Ari Shapiro, an award-winning journalist and correspondent for NPR, will come to Yale on Friday, Nov. 22 as a Poynter Fellow in Journalism.
Shapiro, a Yale alumnus, will be the guest at a master’s title, where he will present a talk titled "Stories You Won't Hear on the Radio.” His talk will take place at 3 p.m. in Davenport College, 248 York St. All are welcome.
After graduating magna cum laude from Yale in 2000, Shapiro began working at NPR in 2001. During his first few years at NPR, Shapiro worked for legal affairs correspondent Nina Totenberg, reporting from Atlanta, Miami, and Boston, among other locations. From there he moved on to covering the Justice Department.
More recently, Shapiro has worked as NPR’s White House correspondent, making him the first NPR reporter to be promoted to correspondent before the age 30. Shapiro’s stories have appeared on many NPR programs, including “All Things Considered”and “Morning Edition.” He also covered the 2012 presidential race for NPR.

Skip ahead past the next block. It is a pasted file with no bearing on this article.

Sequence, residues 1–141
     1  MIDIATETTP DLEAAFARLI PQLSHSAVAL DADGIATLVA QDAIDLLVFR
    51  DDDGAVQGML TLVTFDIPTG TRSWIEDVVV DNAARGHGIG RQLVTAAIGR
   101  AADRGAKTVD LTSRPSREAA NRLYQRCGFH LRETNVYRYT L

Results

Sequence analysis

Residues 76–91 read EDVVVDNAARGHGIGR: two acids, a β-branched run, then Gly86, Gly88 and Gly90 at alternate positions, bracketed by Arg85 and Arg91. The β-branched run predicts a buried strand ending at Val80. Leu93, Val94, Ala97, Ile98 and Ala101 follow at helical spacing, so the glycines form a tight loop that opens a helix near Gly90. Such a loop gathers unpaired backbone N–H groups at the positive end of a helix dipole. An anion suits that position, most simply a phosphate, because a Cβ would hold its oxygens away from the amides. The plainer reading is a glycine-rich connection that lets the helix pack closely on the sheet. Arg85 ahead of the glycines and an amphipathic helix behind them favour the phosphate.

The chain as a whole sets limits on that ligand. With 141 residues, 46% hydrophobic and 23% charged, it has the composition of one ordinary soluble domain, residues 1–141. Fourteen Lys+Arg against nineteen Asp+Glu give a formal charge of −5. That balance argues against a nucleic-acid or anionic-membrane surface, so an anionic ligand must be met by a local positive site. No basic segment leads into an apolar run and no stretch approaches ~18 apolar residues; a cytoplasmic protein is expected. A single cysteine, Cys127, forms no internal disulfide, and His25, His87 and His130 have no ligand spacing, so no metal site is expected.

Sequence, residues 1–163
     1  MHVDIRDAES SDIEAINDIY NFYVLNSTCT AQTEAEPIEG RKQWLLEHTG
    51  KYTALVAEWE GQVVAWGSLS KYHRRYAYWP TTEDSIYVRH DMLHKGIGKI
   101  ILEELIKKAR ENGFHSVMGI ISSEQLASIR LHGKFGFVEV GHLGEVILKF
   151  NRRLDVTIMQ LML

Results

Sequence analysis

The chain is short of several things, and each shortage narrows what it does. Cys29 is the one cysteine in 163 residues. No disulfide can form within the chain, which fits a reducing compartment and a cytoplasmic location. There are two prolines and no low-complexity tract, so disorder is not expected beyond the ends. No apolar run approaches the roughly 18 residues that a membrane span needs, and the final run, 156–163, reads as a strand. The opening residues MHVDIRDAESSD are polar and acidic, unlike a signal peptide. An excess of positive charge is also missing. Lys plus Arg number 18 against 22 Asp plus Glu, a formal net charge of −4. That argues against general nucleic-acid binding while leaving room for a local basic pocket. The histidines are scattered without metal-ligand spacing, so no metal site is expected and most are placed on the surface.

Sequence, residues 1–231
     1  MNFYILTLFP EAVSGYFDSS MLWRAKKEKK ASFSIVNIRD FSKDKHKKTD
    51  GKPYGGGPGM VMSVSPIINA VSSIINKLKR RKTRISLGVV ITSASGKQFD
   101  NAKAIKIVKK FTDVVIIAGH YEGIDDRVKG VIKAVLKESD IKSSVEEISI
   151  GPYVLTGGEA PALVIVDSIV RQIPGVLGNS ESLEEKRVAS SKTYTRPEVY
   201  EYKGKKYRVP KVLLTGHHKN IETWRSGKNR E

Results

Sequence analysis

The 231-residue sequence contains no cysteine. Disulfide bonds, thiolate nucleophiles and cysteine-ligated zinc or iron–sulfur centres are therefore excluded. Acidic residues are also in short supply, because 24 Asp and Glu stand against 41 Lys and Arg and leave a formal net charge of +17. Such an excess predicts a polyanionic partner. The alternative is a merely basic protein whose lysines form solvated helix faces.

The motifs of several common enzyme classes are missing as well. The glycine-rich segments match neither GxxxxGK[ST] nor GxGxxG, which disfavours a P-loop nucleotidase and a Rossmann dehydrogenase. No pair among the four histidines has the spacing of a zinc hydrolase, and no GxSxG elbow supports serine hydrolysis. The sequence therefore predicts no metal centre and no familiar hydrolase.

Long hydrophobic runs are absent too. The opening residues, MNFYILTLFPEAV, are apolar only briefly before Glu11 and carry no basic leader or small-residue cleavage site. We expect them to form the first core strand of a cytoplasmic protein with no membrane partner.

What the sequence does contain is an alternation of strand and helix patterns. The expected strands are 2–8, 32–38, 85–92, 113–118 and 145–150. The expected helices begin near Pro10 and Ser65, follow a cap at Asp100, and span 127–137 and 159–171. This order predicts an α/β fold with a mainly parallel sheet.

Beginning in January 2014, Shapiro will move to London, where he will work as a foreign correspondent for NPR.
The Poynter Fellowship in Journalism was established by Nelson Poynter, who received his master’s degree in 1927 from Yale. The fellowship brings to campus journalists from a wide variety of media outlets who have made significant contributions to their field. Recent Poynter fellow include Jill Abramson, Nathaniel Rich, and James Bennet.